Precious people

New Executive PA Media writer Karen Gately recommends the best ways for EAs to deal with hypersensitivity and defensiveness in the workplace

We’ve all met them – overly emotional colleagues who are easily offended and overact to the smallest issue; the hyper-critical colleague who finds fault in everything; people who argue points simply to prove themselves right and those who personalise every issue, constantly complaining when things don’t go their way. These people can be exhausting and zap busy EAs of vital energy.

So, reflect on the people in your life who overdramatise and demand more sympathy or concern than situations typically warrant – how much time and energy do you spend on those who never seem to follow through to fix the issues they complain about? Do you find yourself listening to the concerns of people who seem determined to believe everyone’s against them?

Most of us, at some point or another, will find ourselves having to deal with precious people prone to hypersensitivity and defensiveness. And, as tempting as it can be to simply ignore them, that’s likely to be difficult as a high level PA – plus, addressing the impact these people have matters to your sanity and quality of life.

Instead, here are some coping strategies:

Set boundaries: If allowed to, precious people will drain us of energy to fuel their seemingly never-ending need for negativity and drama. It’s up to you to protect your energy reserves, by limiting the time and attention you give them. Don’t fall into the trap of fixing a drama queen’s problems as they’ll draw on your talents and energy for as long as you allow them.

So, set firm boundaries about the conversations you will or won’t engage in. Excuse yourself from negative discussions about others, pointless issues or over dramatised points of view. If you set an example of professionalism and emotional intelligence, people will be less likely to share their dramas with you.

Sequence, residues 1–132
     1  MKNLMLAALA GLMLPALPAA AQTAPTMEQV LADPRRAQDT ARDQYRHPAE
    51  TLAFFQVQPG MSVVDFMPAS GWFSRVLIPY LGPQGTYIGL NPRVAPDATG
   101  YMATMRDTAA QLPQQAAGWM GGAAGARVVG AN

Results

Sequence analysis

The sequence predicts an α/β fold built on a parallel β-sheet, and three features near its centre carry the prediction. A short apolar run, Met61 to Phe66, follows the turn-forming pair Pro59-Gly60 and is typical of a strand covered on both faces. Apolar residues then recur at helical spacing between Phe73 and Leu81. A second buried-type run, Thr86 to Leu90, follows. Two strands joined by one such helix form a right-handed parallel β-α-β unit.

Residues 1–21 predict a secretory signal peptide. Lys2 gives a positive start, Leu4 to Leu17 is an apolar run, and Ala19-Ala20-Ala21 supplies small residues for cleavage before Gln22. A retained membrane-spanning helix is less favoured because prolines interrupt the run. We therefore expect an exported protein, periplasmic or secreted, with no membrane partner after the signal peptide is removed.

Have expectations: Healthy workplace cultures require that we listen to, care for and support our colleagues to cope with the challenges they encounter at work. What also matters, however, is that people help themselves and strive to move past the trivial things that make them unhappy. So, begin by expecting people to take responsibility for how they feel and impact others around them. Show respect and consideration, but expect also that people take ownership for how they choose to think, feel and behave.

Listen to understand: Typically, sensitive people need to feel heard and understood. Having empathy and listening is critical to earning their trust and, in turn, influencing their behaviour. Ask questions that’ll help you gain insight to what they feel and why. Have compassion but remain objective. And challenge people to choose to think differently when unfounded beliefs and assumptions fuel their concerns.

Have ‘tough love’ conversations: Engage in honest chats about the impact of their behaviour on you, others and their own reality. Be upfront yet sensitive in your approach and talk about how they can go about overcoming their issues. Encourage them to speak about any concerns going through their mind before they become blown out of proportion.

Respectfully challenge exaggerated reactions: Point out when emotional responses, such as crying, complaining or arguing, make it hard for them to maintain perspective. Ask that they set those reactions aside so that you can have a meaningful and productive conversation.

Finally, help them to understand the way they choose to feel is undermining their judgement and, ultimately, their ability to succeed: Be empathetic while challenging them to choose more productive thoughts and emotions.

THE EXPERT Karen Gately
Karen Gately is a leadership and people management specialist, plus a founder of HR consultancy Ryan Gately. She works with leaders and HR teams to drive business results through the talent and energy of people. She has authored two books – The People Manager’s Toolkit: A Practical Guide to Getting the Best from People and The Corporate Dojo: Driving Extraordinary Results through Spirited People.